Ratiani is unsure about the motive for Beriani's murder: “We’ll probably never know, unfortunately. Sabi is dead, and the murderer claims he was defending himself."

“One of the possible reasons he (the accused) had initially stated was that Sabi owed him 5,000 Lari. As it turned out, the accused himself was in debt to another woman. We also checked Sabi’s personal bank account and she had over 4,000 Lari. Therefore, she had no reason to borrow money from the accused.”

The lawyer also stated that the initial exoneration of the accused made other transgenders lose trust in the authorities: “They wouldn’t go to the police with me. They didn’t see the point of it. If a murderer was exonerated, they had no hope anyone would punish those who hit or robbed them.”

Regarding Shekiladze’s case, Ratiani said the victim and the accused knew each other from the Ksani Colony prison. “I really don’t know what kind of a relationship they had. However, as you may know, transgenders have a different status from regular prisoners in jail.

“The girlfriend of the accused was about eight months pregnant. She was offering sexual services in Ortachala, where Zizi worked as well. Zizi was outraged about it, told her to take care of her child, and wouldn’t let her work.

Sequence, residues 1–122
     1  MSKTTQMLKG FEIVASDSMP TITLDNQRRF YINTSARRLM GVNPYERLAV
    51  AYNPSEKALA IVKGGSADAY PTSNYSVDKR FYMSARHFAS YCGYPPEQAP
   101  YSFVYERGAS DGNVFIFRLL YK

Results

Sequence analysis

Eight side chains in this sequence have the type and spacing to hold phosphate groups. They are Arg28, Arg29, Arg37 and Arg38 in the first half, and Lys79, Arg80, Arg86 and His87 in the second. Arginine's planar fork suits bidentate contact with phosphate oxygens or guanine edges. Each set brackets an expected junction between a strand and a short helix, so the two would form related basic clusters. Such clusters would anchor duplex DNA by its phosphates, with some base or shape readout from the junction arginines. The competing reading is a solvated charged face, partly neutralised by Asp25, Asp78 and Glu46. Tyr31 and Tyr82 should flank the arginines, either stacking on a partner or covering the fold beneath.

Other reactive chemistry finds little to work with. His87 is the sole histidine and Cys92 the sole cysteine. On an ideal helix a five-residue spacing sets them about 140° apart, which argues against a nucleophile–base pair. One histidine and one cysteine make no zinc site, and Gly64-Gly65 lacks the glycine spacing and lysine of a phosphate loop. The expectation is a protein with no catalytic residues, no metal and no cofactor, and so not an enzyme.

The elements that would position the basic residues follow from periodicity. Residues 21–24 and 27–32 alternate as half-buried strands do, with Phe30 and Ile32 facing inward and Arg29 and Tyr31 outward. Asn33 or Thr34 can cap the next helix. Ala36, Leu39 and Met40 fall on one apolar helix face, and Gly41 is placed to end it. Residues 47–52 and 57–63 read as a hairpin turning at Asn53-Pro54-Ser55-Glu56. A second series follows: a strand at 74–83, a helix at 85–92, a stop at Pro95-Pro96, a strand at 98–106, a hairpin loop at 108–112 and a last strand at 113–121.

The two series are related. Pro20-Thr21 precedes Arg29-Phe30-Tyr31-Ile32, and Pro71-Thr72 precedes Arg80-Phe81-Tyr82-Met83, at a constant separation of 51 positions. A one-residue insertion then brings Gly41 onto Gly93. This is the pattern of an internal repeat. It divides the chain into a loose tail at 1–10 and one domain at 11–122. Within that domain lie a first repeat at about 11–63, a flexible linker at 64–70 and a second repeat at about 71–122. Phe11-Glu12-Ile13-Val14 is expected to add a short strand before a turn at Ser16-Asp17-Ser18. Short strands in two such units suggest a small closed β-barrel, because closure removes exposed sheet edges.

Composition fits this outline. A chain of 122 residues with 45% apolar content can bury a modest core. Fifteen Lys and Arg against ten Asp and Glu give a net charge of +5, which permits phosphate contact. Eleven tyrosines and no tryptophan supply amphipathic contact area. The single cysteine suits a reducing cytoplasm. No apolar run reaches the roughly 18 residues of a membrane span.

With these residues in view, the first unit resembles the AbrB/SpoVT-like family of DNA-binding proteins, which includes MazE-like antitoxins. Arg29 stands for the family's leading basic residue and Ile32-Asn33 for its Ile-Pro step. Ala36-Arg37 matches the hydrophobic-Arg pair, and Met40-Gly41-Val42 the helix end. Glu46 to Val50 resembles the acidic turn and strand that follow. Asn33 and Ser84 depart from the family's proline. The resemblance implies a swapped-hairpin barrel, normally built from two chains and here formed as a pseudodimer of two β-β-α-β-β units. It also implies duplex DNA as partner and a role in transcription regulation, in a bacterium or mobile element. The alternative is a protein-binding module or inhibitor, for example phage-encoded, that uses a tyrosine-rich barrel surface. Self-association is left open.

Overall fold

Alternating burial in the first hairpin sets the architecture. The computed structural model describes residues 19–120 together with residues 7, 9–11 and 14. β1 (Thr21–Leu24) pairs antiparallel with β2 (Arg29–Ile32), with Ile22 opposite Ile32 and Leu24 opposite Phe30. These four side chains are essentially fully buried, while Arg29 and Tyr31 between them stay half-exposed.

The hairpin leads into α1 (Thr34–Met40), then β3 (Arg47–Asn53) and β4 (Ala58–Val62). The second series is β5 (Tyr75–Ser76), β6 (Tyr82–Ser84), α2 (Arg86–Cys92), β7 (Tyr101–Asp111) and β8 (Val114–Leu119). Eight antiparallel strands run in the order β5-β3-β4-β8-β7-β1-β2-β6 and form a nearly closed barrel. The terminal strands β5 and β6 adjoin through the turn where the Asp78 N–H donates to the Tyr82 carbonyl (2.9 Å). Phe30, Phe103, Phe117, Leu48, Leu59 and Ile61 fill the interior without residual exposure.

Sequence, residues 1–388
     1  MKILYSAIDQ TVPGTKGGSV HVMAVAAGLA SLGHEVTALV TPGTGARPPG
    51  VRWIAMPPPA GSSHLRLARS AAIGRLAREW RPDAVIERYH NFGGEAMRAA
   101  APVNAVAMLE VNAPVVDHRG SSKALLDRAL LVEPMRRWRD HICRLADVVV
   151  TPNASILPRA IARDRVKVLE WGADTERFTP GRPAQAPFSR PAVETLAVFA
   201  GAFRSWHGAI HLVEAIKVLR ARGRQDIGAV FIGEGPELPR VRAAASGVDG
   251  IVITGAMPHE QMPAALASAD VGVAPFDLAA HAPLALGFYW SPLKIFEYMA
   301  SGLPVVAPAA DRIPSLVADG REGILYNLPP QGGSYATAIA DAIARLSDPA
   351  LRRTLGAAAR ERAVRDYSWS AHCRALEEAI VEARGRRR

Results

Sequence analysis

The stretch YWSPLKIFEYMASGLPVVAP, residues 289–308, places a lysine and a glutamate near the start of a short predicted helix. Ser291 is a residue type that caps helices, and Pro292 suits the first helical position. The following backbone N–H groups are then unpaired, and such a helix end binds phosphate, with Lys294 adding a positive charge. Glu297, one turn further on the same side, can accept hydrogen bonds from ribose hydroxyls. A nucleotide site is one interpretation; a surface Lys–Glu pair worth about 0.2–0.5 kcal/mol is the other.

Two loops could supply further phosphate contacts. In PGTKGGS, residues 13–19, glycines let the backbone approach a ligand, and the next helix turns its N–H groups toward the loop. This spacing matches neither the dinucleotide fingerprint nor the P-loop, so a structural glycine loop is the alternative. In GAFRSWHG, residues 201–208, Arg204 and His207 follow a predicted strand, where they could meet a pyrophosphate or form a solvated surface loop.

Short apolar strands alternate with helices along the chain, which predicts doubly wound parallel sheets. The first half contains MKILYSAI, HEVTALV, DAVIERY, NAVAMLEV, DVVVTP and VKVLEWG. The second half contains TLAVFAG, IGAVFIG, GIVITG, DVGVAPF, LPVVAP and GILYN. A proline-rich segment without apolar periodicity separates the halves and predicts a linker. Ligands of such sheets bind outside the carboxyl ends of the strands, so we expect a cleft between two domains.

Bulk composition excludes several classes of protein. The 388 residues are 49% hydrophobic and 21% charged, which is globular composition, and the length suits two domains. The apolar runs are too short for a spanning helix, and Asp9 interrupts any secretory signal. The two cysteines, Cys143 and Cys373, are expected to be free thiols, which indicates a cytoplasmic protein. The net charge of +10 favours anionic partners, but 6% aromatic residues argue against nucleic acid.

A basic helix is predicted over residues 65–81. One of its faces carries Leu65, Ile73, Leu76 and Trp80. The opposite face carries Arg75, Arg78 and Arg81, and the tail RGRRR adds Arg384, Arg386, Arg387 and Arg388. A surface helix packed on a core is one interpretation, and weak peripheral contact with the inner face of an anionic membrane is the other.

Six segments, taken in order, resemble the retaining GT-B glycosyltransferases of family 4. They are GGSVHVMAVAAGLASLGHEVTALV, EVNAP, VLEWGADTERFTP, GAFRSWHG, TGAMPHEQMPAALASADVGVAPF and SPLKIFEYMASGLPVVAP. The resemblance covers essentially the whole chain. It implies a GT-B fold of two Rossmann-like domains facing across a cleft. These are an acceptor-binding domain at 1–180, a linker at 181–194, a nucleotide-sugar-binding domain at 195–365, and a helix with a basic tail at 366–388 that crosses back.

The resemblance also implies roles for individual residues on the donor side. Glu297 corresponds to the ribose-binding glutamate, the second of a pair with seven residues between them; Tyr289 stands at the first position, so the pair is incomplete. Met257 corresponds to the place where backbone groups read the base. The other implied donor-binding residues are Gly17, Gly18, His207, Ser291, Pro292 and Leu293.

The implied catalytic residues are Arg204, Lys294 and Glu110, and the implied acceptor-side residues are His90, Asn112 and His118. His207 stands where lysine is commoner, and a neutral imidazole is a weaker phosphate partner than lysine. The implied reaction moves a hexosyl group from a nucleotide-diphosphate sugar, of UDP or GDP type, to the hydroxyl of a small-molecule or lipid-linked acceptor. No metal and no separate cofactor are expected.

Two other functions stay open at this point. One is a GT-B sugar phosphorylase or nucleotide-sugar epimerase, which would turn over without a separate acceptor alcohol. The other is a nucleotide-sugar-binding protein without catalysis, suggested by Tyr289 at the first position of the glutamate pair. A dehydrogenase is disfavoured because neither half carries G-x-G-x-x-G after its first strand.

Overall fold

"When the accused found out, he went to Zizi. They had a conflict, which ended up with Zizi suffering multiple injuries and falling into a coma before she died."

Both perpetrators were charged with premeditated murder. But Ratiani does not exclude transphobic (negative attitudes toward transgenders) grounds.

“When such brutal murders happen, aside from the stated reasons, they happen because the perpetrators probably dislike the victims because of their gender identities.”

As for the victims’ family members, the lawyer added: “Sabi’s mother attended all court meetings. She almost had a heart attack when the accused was exonerated from murder charges in the first two trials. Sabi’s grandfather was pleading with the authorities to hand the accused to him.”

"Zizi’s mother would often visit her daughter in the hospital. Both mothers were in very tough shape since their children were so ruthlessly attacked.”